Monday, 19 November 2012

The Playing Fields Of Eton: Croquet, Polo & Planner-Bashing


According to the Eton College website, the sporting activities offered to students include: beagling, croquet, fencing, polo, and the 'Wall Game' (no idea...). Planner-bashing is not advertised, but it's not hard to imagine Messers Cameron and Osborne being schooled in it's ancient arts there as well.
 
The school analogy also extends to imagining a bully seeking a veneer of strength by picking out a soft target. Certainly in a climate of anaemic economic recovery, it is easy to point the finger at the planning system.
 
With the ink still drying on the NPPF, the Growth & Infrastructure Bill was introduced to parliament last month and is due to be fast-tracked on to the statute books by April 2013. The usual rhetorical flourishes apply (“helping the country compete on the global stage”, "cutting excessive red tape”,etc).
 
Picking up on the idea that there are thousands of jobs locked in Town Hall filing cabinets, the Bill seeks to reduce delays in the planning system by allowing applicants to bypass an under-performing LPA and have the Secretary of State determine an application within a guaranteed 12 month.
 
The so-called “special measures provisions” of the Bill are to apply where a LPA is“designated” by the Secretary of State. The indicators used to assess under-performance have yet to be finalised, but the Bill's Impact Assessment uses:
 
·         Timeliness - the average number of major applications decided within 13 weeks, assessed over a two year period; or
·         Proportion of major decisions overturned - defined as the number of appeals involving major development that are lost as a percentage of all major decisions made (again assessed over a two year period).
 
The precise benchmarks for designating authorities as ‘poor performing’ will be subject to consultation, but the Impact Assessment assumes that the timeliness measure is less than 30% and the proportion of major decisions overturned is greater than 20%.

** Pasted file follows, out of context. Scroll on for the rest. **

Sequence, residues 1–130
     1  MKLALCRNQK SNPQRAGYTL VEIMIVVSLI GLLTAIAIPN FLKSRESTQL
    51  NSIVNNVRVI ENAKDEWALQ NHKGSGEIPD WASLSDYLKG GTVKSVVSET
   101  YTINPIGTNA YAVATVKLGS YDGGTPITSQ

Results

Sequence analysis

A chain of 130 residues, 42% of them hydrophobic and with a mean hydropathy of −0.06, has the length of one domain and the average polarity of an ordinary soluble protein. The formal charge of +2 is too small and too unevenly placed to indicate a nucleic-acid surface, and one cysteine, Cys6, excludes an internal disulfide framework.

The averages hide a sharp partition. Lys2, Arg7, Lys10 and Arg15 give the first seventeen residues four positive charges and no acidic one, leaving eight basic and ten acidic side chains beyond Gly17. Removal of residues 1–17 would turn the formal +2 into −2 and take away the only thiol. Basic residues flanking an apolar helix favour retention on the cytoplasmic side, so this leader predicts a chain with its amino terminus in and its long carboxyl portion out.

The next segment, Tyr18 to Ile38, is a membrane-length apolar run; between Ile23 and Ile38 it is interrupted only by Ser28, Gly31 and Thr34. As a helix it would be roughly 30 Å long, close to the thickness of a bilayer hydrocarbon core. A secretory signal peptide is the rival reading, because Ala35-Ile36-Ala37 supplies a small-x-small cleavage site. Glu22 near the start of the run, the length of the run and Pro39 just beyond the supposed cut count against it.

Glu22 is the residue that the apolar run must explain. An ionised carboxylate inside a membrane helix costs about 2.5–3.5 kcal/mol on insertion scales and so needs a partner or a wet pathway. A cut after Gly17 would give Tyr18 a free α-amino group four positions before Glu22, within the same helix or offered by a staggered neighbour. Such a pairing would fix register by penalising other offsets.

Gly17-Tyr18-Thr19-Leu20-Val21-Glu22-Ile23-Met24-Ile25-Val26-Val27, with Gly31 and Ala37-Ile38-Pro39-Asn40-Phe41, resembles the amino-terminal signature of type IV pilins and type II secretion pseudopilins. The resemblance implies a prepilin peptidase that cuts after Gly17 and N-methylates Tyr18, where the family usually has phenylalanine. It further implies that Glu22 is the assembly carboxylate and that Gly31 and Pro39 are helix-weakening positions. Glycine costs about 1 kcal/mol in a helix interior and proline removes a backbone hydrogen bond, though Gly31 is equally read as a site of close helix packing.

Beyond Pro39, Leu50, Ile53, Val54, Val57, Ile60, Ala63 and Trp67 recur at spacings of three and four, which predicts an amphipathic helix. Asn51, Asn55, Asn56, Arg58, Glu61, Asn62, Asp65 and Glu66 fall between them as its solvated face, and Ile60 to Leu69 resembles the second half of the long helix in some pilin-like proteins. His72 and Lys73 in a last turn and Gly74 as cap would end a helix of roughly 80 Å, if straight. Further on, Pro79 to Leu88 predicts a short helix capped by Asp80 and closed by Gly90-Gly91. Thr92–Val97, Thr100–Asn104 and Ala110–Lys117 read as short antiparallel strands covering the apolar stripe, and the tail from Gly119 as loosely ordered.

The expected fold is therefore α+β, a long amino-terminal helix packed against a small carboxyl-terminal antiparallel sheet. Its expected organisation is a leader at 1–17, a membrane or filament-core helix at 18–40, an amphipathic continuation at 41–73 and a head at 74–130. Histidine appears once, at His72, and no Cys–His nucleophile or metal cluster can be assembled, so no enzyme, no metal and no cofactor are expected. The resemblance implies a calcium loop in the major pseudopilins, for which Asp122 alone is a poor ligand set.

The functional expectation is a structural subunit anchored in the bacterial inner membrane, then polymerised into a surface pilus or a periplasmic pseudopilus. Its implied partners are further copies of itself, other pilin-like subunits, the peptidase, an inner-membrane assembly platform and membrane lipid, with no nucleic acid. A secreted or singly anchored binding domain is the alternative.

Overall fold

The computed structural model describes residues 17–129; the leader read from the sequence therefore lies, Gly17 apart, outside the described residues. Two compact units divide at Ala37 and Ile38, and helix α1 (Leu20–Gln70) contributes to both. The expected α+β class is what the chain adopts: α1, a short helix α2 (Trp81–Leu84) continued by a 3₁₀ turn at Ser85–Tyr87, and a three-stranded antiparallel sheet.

So how great a problem is under-performance by LPAs? The system and the managers of it are by no means perfect, but from the rhetoric and the perceived need for legislation it is not hard to imagine a lay person gathering the impression that most planning departments are basket cases.
 
Analysis by Planning of official data showing Councils’ performance on deciding major applicationson time over a two-year period has shown that no major applications would qualify for submission to PINS based on LPAs having a poor appeals record as no council has more than 20% of its major decisions overturned at appeal. Haringey, the London Borough of Kensington and Chelsea, Torbay, Hounslow, Barking &Dagenham, and Cambridge performed below the 30% timeliness threshold.
 
The 'special provisions', therefore, would apply to only 1.6% of the LPAs in England and Wales. Notwithstanding the Government's stated committed to localism and a simplification of the planning system, does the problem of under-performing LPAs really need parliamentary time and legislation to solve it? Does the Secretary of State really need to designate, no doubt with much fanfare, an under-performing LPA? Might it not be more appropriate for the Government's Chief Planner to offer discreet, direct support for those LPAs that clearly need assistance?
 
These questions are not difficult to answer, but who will stand up for the planning system and make our Eton bullies listen?

No comments:

Post a Comment